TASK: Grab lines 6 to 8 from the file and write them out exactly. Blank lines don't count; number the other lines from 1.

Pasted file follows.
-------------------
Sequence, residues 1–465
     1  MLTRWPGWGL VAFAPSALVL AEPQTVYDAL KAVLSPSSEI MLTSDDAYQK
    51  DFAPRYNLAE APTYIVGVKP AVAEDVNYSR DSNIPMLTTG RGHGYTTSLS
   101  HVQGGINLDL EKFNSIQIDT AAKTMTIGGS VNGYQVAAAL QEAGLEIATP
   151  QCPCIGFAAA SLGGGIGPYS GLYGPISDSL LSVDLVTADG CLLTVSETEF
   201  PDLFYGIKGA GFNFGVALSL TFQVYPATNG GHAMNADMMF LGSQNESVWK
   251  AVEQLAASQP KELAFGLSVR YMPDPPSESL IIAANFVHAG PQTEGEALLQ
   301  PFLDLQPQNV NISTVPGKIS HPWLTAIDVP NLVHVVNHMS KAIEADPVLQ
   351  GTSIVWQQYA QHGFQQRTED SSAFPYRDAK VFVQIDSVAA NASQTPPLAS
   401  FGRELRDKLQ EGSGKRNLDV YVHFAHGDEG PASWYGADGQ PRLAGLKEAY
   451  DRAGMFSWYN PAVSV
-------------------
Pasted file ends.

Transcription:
   201  PDLFYGIKGA GFNFGVALSL TFQVYPATNG GHAMNADMMF LGSQNESVWK
   251  AVEQLAASQP KELAFGLSVR YMPDPPSESL IIAANFVHAG PQTEGEALLQ
   301  PFLDLQPQNV NISTVPGKIS HPWLTAIDVP NLVHVVNHMS KAIEADPVLQ